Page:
- Date published:
- Author:Brian Wood
“Where are we going?”
“What are our priorities?”
“Why aren’t we doing X?”
“Why are we doing Y?”
Summary post by Caron Carlson in FierceCIO and original article by Andrew Horne in the Corporate Executive Board.
Emphasis in red added by me.
Brian Wood, VP Marketing
How to make your IT strategy relevant
For an IT strategy to remain relevant in a rapidly changing business environment, it has to be both flexible and easy to explain, advises Andrew Horne in a blog post at the Corporate Executive Board. To make sure your strategy meets these requirements, take a look at the five characteristics that Horne recommends every IT strategy embrace.
First, keep the strategy to one page, focusing on the goal and the key actions needed to achieve it.
Second, begin by identifying the strategy’s business goals, not the technology involved, and then describe what people, processes and data are needed. If your company’s strategy is too vague to use, you might identify the business capabilities, which should describe the activities that are necessary for the desired goals.
Third, make the underlying business priority assumptions clear, and set up a process for re-assessing the strategy as assumptions change. Horne offers the example of a strategy for improving insight into customer value resting on the assumption that the finance and marketing departments are capable of analyzing customer value. “If this assumption holds true,” he writes, “then investments in analytics and improve[d] data governance make sense. If the assumption is false, then the strategy should change.”
Fourth, define the skills and positions necessary for meeting the strategic goals, and include a blueprint for acquiring them.
Fifth, perhaps most important of all, develop metrics to measure the strategy’s success. Metrics have a tendency to focus attention on the goals and highlight their importance.
Five Things Every IT Strategic Plan Should Have
The work environment is changing fast. To navigate these changes, IT needs a strategy that is flexible and easy-to-explain. At CEB we review many IT strategic plans. Here are five ways in which the best stand out.
1. A Strategy on a Page. A good IT strategy can be summarized on one page. The strategy should identify a goal and describe the most critical actions needed to meet that goal. If this takes more than a page, the goal is either too vague, or the plans to meet the goal are diffuse.
The discipline of fitting everything on one page will make the strategy tighter and more effective. The strategy will also be easier to communicate. IT strategies have many audiences – CEO and business stakeholders, the IT team, and vendors—none of which have the time to read a strategy that is dozens of pages long.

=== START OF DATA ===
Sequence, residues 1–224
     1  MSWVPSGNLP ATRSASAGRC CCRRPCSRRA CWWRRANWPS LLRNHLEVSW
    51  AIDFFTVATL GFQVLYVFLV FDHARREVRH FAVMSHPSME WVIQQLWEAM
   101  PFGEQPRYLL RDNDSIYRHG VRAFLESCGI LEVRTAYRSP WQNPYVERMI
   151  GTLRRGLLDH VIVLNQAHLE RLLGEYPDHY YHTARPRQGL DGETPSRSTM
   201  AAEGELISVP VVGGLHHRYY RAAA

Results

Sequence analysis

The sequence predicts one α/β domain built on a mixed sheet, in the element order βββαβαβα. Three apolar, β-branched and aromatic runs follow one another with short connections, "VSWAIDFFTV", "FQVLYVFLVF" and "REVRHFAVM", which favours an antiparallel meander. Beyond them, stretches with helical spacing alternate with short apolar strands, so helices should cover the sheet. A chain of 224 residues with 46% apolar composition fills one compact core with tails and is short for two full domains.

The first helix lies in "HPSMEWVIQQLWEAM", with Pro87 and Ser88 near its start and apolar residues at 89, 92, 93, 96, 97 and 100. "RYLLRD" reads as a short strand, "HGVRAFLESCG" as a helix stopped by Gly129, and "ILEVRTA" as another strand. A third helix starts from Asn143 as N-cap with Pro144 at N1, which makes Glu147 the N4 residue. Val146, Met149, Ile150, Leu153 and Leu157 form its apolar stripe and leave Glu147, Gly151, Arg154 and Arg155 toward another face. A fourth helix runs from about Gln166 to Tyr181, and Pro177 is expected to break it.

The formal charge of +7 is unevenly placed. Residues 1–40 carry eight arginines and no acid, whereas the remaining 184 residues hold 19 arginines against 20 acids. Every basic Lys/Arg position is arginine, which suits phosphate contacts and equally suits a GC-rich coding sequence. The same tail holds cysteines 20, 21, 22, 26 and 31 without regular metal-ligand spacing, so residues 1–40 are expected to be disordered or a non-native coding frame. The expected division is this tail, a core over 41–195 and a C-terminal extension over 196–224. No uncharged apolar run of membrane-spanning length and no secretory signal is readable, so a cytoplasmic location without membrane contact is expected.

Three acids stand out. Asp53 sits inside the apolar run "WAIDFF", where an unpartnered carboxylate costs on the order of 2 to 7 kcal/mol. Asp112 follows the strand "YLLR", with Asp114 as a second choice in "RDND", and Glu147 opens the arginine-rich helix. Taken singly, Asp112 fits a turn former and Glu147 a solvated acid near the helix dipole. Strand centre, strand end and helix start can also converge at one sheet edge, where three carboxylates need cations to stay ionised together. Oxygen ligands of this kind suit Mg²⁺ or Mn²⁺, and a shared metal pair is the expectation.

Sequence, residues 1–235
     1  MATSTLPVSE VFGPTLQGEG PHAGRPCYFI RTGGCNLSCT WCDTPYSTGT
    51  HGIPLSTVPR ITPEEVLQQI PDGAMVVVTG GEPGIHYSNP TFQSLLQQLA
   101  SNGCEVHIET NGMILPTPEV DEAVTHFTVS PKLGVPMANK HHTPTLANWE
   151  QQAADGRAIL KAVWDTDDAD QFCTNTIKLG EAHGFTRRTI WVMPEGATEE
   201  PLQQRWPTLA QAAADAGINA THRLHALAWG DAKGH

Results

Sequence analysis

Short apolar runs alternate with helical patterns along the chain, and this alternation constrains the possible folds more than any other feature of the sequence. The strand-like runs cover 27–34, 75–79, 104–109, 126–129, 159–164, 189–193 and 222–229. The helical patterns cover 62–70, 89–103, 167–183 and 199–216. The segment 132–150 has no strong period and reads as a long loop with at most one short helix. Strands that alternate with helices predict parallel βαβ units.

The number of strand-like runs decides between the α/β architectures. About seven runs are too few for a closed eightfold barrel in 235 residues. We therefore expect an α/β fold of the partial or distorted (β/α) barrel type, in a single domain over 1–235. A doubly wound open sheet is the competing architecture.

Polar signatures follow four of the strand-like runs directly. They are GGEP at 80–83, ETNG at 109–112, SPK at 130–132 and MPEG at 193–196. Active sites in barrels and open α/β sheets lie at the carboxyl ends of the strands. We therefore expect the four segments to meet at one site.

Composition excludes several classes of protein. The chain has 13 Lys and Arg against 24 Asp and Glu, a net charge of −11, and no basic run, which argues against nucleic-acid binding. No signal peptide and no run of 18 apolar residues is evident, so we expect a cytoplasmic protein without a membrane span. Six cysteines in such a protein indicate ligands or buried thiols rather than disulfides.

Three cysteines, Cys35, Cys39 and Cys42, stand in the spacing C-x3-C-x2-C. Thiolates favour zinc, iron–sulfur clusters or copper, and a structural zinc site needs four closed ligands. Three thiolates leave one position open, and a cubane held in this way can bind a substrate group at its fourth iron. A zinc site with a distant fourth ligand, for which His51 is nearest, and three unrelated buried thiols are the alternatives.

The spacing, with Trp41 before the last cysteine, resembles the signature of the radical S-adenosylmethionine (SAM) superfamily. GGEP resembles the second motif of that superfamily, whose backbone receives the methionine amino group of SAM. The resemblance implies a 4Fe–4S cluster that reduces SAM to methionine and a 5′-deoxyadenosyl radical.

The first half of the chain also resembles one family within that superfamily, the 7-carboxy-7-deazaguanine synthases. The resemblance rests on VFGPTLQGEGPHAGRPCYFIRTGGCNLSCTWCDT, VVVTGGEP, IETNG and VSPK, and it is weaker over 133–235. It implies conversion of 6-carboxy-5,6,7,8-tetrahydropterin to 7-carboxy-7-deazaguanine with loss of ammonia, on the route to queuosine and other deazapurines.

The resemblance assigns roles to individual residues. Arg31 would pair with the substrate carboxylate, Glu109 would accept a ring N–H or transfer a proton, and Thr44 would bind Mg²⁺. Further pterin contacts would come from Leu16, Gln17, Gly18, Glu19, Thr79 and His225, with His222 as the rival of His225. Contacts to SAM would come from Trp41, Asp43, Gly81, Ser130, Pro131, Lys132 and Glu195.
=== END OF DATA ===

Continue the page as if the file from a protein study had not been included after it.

2. Start with Business Objectives, not Technologies. An IT strategy is not the place to explain the latest cool technology, nor should it offer a laundry list of technology projects. A strategy should identify the company’s goals, and define the capabilities (people, process, and data, not just technology) needed to meet those goals. In some organizations, the company strategy will be well documented. At others, the CIO’s first task is to work with other business leaders to define a company strategy. This is not easy, but trying to write an IT strategy in the absence of a company strategy is pointless.
Even when a company strategy exists, it is usually too vague to be useful to IT. Progressive companies address the problem by defining business capabilities. Business capabilities are a structured way to express the activities needed to achieve a specific business outcome. Business capabilities have several other uses, for example, in architecture roadmapping, so the effort to define them during strategic planning will pay dividends later.
3. The World of Work is Changing, so Should IT Strategy. All IT strategies rely on assumptions about business priorities, value drivers, economic trends, and technology maturity. Many of these assumptions change rapidly. To keep up, a strategy should make the assumptions clear and include a process to re-evaluate the strategy as the assumptions change.
For example, a strategy to improve insight into customer value might be based on the assumption that marketing and finance staff have the skills to conduct customer value analysis. If this assumption holds true, then investments in analytics and improve data governance make sense. If the assumption is false, then the strategy should change.
4. Don’t Forget the Talent – Many IT strategies ignore the impact on IT talent. An effective strategy should define the competencies and roles needed to meet the strategic goals and provide a plan to close any gaps. This means that a talent assessment is often an important planning input.
5. What Gets Measured Gets Done – Perhaps the single biggest strategic planning challenge is ensuring that the strategy is implemented. Even the best written, most creative strategy is worthless if it is not followed through. Establishing metrics to measure the attainment of each strategic goal is one way to ensure progress. The metrics signal the importance of the goals and direct attention toward goals which are lagging. This is so important that the IT scorecard should be “unbalanced” in favor of strategic metrics. In other words, disproportionate weight should be given to metrics that measure strategic goals.